The Search for Lost Mice and Other Valuables
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Emma here, coming to you from Deborah’s bedroom, just outside that mysterious realm she calls a walk-in closet. Winston and I have just loped and bounded into our current positions (Winston’s particularly good at bounding) from the kitchen in less than a second flat. That’s a record, I’d like to point out.

We got here so quickly that we nearly beat Deborah, who was walking fast around the corner and down the hall into her room, around the computer, where she stopped, just short of the closet. She, whose legs are some million times longer than ours. And we didn’t come so close to beating her because we got underfoot, either—I’ve learned from experience that those shoes aren’t too soft when they land on you, so I’ve gotten good at avoiding them. I
t was just because we’re that good. We should be—we’ve been practicing a lot.

We’re now standing here in our carefully planned identical stances—since we’re twins this comes naturally to us, but we also try to freak Deborah, The Roommate, and all apartment visitors out with our twinnish poses on a regular basis—just for the fun of it.

We’re not here just to freak Deborah out, though—the pose is just an added touch. We’re here primarily because we love following Deborah around when she’s up and about in the apartment. Since she rarely lets us go anywhere outside the apartment, we’re always keeping track of what she’s doing, because it’s bound to bring variety to our lives. Humans do the oddest things sometimes—they often make us fall down purring with glee.

Deborah thinks the reason we follow her is that we’re merely curious, though. And though this is part of the truth, she doesn’t make the connection with the real reason. The real reason is: we’re looking for our toys.

During our two-year residence here, Deborah’s given us dozens of little pom pons, pipe cleaners, film cases, and—my personal favorite—little fake 1 1/2 inch long mice, among other more bizarre things like red-yarn-topped black and yellow stuffed carrots. And yes, we’ve managed to lose every one of the dozens in the 1100-square-foot apartment.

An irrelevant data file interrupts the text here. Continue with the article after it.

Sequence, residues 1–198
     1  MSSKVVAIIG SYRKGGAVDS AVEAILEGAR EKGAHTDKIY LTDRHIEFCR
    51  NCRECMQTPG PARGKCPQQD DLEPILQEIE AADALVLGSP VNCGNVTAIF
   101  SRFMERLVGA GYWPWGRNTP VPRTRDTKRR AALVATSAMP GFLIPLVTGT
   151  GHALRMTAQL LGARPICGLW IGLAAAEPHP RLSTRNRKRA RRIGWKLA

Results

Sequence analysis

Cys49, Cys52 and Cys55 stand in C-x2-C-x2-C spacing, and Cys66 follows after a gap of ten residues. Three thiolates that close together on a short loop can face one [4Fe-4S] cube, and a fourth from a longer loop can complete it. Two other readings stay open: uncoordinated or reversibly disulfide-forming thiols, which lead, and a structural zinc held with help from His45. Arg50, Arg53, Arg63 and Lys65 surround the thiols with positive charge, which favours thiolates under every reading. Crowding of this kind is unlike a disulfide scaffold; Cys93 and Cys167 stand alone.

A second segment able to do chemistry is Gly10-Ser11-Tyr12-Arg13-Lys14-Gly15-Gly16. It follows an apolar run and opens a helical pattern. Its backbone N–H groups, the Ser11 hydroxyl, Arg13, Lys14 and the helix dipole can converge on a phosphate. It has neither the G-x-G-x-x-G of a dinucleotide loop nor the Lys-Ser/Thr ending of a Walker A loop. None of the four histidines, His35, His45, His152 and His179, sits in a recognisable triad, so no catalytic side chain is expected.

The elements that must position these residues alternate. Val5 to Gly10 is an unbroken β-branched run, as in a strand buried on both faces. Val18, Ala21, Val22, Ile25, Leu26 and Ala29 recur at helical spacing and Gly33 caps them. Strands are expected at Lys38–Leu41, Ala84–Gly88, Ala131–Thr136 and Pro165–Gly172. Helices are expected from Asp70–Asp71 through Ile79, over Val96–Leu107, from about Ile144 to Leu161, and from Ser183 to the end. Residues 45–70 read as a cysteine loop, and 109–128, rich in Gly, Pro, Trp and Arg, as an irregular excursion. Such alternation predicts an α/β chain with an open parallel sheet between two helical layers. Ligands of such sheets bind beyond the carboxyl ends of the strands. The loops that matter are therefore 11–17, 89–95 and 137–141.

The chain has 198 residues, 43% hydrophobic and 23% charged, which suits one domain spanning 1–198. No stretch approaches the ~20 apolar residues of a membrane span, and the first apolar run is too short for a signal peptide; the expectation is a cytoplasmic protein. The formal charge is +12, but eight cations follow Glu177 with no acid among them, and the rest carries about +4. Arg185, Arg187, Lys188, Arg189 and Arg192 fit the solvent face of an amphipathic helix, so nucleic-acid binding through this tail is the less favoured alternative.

See, the thing is, it wouldn’t be fun to just bat the toys in a quiet manner in the open areas of the apartment. It’s much more daring—and fascinating—to pretend the object is alive and trying to get away and hide. That it’s leaping up in the air. That it’s jumping on top of a bookshelf trying to hide from me, the mighty jungle cat crouched under it on the floor. (Little does it know that my paw’s just a swipe away.)

Doors and crevasses are the most fun of all, and that’s been our downfall. There’s an extra challenge when you can’t actually see the prey—when you have to swipe your paw just within reach to throw it to another spot just within reach. Like I said, the mice are the best for this, because they fit perfectly in the cracks under doors (both regular and accordion closet), under the stove, under the entertainment center, and behind bookcases.

The problem is that with the most fun parts of these games there’s always an element of risk—the possibility of losing the toys in such places. And through this risky play, we’ve lost them all.

But there’s hope. Every time Deborah opens the closet door, there’s a possibility for a rescue operation. If we can’t get in ourselves to look for them, Deborah, like the good owner she is, might just shift aside a pair of shoes to find three or four mice and a wadded up pipe cleaner and throw them back out into the open spaces for us, thus providing entertainment for a few more minutes, hours, or days, depending on how skillful we are at losing them again.

Oh, look! She’s finished checking her email (those humans get so distracted sometimes from important closet openings) and she’s finally opening the door to the closet. Oh, Winston, quick, feint right…I’ll try to slide in to the left. Seems to me there should be at least a couple mice in there from the other morning….

Oh, denied. Deborah’s gotten way too good at quickly shutting the door behind her. So our only hope is that while changing her clothes, she’ll find that purple mouse that still rattles—it’s my favorite. We’ll just have to stand identical guard until we find out. And then, hopefully, we’ll have some more cat-and-mouse play time today, keeping us way too busy to talk to you. So, until later, it’s Emma, signing off for “The Cats’ Eye View of Entertainment.”

*Are Winston and Emma just followers, or are they rebels at heart? What kinds of things do they do when Deborah’s not paying attention? Find out on April 18 in the next installment of “The Cats’ Eye View of Entertainment.”*

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